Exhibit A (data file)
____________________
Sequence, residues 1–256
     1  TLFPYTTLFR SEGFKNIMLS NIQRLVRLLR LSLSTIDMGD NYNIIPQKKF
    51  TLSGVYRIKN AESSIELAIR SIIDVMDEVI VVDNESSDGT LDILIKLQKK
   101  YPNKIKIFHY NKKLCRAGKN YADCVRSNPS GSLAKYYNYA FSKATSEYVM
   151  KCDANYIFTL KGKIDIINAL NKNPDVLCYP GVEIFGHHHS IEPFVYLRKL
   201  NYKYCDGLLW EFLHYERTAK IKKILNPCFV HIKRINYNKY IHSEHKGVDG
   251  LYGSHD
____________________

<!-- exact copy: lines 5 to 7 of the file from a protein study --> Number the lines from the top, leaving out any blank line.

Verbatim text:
   151  KCDANYIFTL KGKIDIINAL NKNPDVLCYP GVEIFGHHHS IEPFVYLRKL
   201  NYKYCDGLLW EFLHYERTAK IKKILNPCFV HIKRINYNKY IHSEHKGVDG
   251  LYGSHD